Brazil’s new far-right president’s threats to human rights are well-documented, but Jair Bolsonaro has also set his sights on the country’s ‘model’ anti-slavery system – by Chris O’Connell.
22 November 2018
The election of far-right politician Jair Bolsonaro as President of Brazil has attracted negative headlines around the globe. Media reports have highlighted his racist, misogynistic, and homophobic statements. Human rights organisations have criticised his open praise of Brazil’s dictatorship, approval of torture, and comments inciting violence, including against indigenous peoples.
Less publicised have been Bolsonaro’s attacks on Brazil’s anti-slavery regime, which is viewed by the International Labour Organisation as a model of good practice. According to Professor Ricardo Rezende, Coordinator of the Research Group on Contemporary Slave Labour at the Federal University of Rio de Janeiro and the winner of the Anti-Slavery Award in 1992, Brazil’s anti-slavery policies are among the best in the world.
Rezende believes that Bolsonaro’s election presents a serious threat to this system, however, leaving those in the anti-slavery movement “confused and anxious”.
The Brazilian anti-slavery system is based upon a number of unique features.
The first is its definition of ‘slave labour’. Article 149 of Brazil’s Penal Code outlines four elements of this offence. The first two – forced labour and debt servitude – are commonly accepted. The other two grounds are more controversial. Categorised as conditions “analogous to slavery”, these include degrading working conditions, and exhaustive hours.
Another Brazilian innovation was the creation in 1995 of a Special Mobile Enforcement Group, known as the ‘flying squad’. This group of 2,000 inspectors is estimated to have freed 53,000 people from slave labour.
The impact of raids is amplified via a so-called ‘dirty list’, which names individuals and corporations convicted of profiting from slave labour. While companies are fined, it is the negative impact on their businesses that has been the real penalty. According to Daniela Issa, a scholar of modern slavery in Latin America, this mechanism is “more effective than criminal prosecutions”.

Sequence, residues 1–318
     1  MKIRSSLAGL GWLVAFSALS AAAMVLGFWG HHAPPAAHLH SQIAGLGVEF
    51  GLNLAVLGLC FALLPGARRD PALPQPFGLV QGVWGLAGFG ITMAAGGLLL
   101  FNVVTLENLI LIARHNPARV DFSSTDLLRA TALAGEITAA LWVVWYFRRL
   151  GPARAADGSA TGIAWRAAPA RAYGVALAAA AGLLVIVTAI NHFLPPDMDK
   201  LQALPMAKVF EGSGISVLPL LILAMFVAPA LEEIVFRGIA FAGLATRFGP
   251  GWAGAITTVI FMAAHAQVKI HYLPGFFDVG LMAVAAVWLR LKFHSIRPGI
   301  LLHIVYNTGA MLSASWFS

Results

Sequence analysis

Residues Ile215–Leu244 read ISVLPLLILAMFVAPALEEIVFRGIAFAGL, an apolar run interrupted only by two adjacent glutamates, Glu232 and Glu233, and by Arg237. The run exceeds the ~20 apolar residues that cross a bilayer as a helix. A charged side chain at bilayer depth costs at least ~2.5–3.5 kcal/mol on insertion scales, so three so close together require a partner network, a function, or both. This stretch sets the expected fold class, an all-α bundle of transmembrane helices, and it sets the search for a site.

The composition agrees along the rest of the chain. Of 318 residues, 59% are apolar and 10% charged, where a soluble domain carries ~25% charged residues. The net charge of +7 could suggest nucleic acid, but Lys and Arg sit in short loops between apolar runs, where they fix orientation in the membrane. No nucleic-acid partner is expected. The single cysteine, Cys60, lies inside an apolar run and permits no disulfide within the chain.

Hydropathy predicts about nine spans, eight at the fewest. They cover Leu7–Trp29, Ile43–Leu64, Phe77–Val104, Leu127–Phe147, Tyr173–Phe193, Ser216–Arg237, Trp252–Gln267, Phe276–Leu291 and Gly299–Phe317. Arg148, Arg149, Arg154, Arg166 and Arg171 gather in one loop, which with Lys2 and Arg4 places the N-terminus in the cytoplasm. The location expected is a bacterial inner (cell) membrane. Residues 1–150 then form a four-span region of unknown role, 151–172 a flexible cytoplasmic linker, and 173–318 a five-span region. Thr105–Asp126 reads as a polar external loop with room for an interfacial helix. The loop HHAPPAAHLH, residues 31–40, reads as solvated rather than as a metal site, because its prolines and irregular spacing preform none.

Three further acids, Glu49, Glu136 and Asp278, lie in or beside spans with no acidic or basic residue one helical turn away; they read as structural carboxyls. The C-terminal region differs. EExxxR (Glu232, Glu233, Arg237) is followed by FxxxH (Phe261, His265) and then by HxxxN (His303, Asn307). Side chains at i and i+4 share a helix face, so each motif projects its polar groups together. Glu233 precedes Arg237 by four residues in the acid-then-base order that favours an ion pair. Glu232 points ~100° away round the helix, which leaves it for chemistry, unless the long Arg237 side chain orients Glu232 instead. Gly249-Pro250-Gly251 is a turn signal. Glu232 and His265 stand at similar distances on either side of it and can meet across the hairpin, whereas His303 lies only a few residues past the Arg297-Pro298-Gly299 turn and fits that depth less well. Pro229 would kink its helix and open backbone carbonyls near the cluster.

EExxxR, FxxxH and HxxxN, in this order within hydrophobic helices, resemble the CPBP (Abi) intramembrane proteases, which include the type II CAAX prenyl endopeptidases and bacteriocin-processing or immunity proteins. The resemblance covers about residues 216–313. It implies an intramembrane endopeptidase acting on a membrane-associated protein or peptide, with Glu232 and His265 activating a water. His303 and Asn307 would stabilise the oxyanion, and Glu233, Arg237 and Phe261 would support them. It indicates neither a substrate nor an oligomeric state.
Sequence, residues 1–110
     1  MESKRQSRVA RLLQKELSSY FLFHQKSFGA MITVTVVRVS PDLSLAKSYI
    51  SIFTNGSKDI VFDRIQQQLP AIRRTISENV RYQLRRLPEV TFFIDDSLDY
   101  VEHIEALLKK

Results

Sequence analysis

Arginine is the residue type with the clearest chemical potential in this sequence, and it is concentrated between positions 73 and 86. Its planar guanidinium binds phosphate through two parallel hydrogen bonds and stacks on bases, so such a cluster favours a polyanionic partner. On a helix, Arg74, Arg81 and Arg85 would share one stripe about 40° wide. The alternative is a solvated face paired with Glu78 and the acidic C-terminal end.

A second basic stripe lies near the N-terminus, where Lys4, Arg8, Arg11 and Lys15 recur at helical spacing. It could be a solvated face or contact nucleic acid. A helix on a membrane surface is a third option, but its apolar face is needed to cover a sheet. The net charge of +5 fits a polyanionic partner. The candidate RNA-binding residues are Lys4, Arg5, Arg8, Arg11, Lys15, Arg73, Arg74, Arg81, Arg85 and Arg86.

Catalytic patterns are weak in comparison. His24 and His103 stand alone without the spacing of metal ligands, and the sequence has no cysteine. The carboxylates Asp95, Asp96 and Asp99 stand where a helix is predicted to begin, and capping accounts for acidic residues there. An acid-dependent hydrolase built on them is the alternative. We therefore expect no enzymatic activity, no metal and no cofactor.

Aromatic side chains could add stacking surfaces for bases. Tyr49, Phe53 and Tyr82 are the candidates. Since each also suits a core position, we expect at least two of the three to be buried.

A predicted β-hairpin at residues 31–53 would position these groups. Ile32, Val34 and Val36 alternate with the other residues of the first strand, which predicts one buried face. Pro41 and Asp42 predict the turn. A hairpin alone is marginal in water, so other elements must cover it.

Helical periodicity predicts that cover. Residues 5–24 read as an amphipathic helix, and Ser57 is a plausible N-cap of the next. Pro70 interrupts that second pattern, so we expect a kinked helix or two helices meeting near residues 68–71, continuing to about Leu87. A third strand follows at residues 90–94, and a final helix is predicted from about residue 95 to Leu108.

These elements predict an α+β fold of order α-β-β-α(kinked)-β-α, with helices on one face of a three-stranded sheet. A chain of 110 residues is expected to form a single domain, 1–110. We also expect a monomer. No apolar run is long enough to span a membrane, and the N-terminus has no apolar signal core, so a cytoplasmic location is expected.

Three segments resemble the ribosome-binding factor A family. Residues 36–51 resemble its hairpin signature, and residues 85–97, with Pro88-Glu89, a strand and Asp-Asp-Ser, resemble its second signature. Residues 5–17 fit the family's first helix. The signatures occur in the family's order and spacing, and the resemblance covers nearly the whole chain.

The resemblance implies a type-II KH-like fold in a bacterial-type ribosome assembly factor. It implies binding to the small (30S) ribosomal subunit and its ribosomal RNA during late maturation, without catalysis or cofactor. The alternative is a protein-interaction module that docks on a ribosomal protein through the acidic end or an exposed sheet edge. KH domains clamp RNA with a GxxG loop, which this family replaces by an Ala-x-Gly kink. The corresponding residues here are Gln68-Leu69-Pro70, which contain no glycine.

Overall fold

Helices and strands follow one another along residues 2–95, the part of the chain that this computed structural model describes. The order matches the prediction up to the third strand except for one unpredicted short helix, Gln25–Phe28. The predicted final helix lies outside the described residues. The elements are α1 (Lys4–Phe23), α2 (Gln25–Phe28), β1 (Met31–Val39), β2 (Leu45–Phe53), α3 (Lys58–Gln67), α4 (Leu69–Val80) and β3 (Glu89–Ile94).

Furthermore, Brazil was the first country in the world to develop a comprehensive National Plan on Slave Labour in 2003, followed two years later by a Multi-Sectoral Business Pact.
But the most radical measure came in 2014 with the amendment of Brazil’s Constitution to allow the state to seize property used for slave labour. The campaign to introduce Amendment 81 lasted almost 20 years and was driven by civil society mobilisation.
According to Leonardo Sakamoto, Director of the NGO Reporter Brasil that combats slave labour, the passage of Amendment 81 was “symbolically one of the biggest victories in the fight against slavery”.
The amendment was vigorously resisted by powerful landowners and the ‘rural caucus’ in Congress, however. This grouping of MPs dedicated to promoting agribusiness grew in power after the 2016 impeachment of leftist President Dilma Rousseff, when its support was crucial for interim President Michel Temer.
In October 2017 the caucus used that influence to halt the publication of the dirty list, restrict inspections, and remove references to ‘analogous conditions’. This decree was blocked by the Supreme Court, however.
The reprieve appears temporary, given Bolsonaro’s election on a right-wing platform that specifically targeted Brazil’s anti-slave labour regime.
Firstly, during the campaign he attacked the ‘analogous conditions’ definition. In the view of Rezende, Bolsonaro is “promoting confusion” by arguing that the law allows for “180 forms” of slave labour that include unsatisfactory working conditions. This is not the case, according to Issa, who notes that conditions must pose a risk to a worker’s life or health.
Bolsonaro also attacked Brazil’s Public Prosecutor’s office, claiming that its “regulatory activism” hurts Brazil’s economy.
The most explicit threats have related to Amendment 81. Bolsonaro’s programme for government contained few specifics, but his pledge to revoke the amendment was a notable exception, says Sakamoto.
Bolsonaro again engaged in scare-mongering, claiming that employers stood to lose their homes. However, the amendment contains various safeguards that make this scenario “almost impossible”, says Sakamoto.
Bolsonaro’s attacks align with the agenda of the ‘rural caucus’, with whom he has grown “very close”, says Rezende. This impression is strengthened by the fact that as a Congressman, Bolsonaro voted in favour of Amendment 81 in 2004 but now vehemently opposes it.
The president’s plans are likely to face opposition from the Supreme Court and the incoming Congress (where the rural caucus has less seats), as well as from civil society. Nevertheless, Bolsonaro has a strong anti-establishment mandate and has hinted at a willingness to override legal constraints.
An insight into the future conflict over Brazil’s anti-slavery system came with Bolsonaro’s decision to disband the Labour Ministry that carries out workplace inspections, only to backtrack days later in the face of public outcry.
What is clear, according to Rezende, is that under Bolsonaro instances of slave labour look set to rise.
- Chris O’Connell is a Research Fellow on secondment to Anti-Slavery International from Dublin City University (DCU), with funding from the Irish Research Council and from the European Union’s Horizon 2020 research and innovation programme under the Marie Sklodowska-Curie grant agreement No. 713279.
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